Reliability of self-reported ancestry among siblings: Implications for genetic association studies

Melinda S. Burnett, Kari J. Strain, Timothy G. Lesnick, Mariza De Andrade, Walter A. Rocca, Demetrius M. Maraganore

Research output: Contribution to journalArticlepeer-review

27 Scopus citations


This study investigated the reliability of self-reported ancestry by comparing the interview responses of probands and their siblings. A total of 546 sibling pairs were ascertained in a family-based study of susceptibility genes for Parkinson's disease and asked to identify maternal and paternal countries of origin. Probands were recruited prospectively from the Department of Neurology of the Mayo Clinic in Rochester, Minnesota, from June 1, 1996, through May 31, 2005. Probands resided within Minnesota or one of the four surrounding states (Wisconsin, Iowa, South Dakota, North Dakota). Only 49 percent of these sibling pairs, primarily Caucasian, agreed completely on the countries of origin of both parents. The agreement increased to 68 percent when named countries were postcoded into six population genetic clusters (as previously defined by microsatellite markers). Self-reported ancestry may not be a reliable method to reduce the possible impact of population stratification in genetic association studies of outbred populations, such as in the United States.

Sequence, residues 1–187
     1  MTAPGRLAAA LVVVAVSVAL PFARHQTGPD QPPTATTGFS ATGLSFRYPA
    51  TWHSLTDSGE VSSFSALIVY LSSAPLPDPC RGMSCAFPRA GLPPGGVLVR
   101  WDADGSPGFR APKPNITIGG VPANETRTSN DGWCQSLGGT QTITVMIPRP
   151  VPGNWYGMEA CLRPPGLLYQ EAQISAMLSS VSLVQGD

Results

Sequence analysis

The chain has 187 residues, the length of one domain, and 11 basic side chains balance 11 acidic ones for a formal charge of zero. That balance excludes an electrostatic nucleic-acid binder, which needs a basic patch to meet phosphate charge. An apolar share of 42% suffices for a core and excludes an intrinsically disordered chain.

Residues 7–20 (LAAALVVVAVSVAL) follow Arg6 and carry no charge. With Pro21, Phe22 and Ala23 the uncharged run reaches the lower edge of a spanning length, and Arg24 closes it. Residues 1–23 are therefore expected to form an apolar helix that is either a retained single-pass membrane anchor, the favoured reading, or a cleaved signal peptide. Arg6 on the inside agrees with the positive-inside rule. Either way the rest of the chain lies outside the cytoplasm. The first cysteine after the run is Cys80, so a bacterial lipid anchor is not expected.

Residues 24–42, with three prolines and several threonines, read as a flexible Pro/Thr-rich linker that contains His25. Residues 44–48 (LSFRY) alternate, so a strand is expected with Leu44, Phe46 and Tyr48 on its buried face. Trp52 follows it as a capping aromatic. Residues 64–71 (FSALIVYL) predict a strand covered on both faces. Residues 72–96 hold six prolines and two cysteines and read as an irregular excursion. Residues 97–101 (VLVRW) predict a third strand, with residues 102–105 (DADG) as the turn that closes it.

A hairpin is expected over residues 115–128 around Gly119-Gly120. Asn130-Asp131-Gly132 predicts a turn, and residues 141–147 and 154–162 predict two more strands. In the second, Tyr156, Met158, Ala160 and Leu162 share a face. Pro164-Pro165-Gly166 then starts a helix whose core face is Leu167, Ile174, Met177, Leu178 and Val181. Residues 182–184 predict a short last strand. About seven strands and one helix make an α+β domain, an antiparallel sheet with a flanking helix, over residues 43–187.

Original languageEnglish (US)
Pages (from-to)486-492
Number of pages7
JournalAmerican journal of epidemiology
Issue number5
StatePublished - Mar 2006


  • Alleles
  • Case-control studies
  • Ethnic groups
  • Population groups
  • Reproducibility of results

ASJC Scopus subject areas

  • General Medicine


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